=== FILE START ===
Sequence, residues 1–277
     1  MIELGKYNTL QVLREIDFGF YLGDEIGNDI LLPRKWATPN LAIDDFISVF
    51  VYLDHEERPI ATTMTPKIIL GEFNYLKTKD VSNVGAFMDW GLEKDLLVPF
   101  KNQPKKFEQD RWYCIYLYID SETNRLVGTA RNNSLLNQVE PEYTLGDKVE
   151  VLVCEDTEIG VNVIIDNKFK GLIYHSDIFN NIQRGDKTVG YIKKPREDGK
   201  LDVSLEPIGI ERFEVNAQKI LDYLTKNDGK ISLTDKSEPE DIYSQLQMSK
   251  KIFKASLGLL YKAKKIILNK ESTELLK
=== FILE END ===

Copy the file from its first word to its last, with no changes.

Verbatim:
Sequence, residues 1–277
     1  MIELGKYNTL QVLREIDFGF YLGDEIGNDI LLPRKWATPN LAIDDFISVF
    51  VYLDHEERPI ATTMTPKIIL GEFNYLKTKD VSNVGAFMDW GLEKDLLVPF
   101  KNQPKKFEQD RWYCIYLYID SETNRLVGTA RNNSLLNQVE PEYTLGDKVE
   151  VLVCEDTEIG VNVIIDNKFK GLIYHSDIFN NIQRGDKTVG YIKKPREDGK
   201  LDVSLEPIGI ERFEVNAQKI LDYLTKNDGK ISLTDKSEPE DIYSQLQMSK
   251  KIFKASLGLL YKAKKIILNK ESTELLK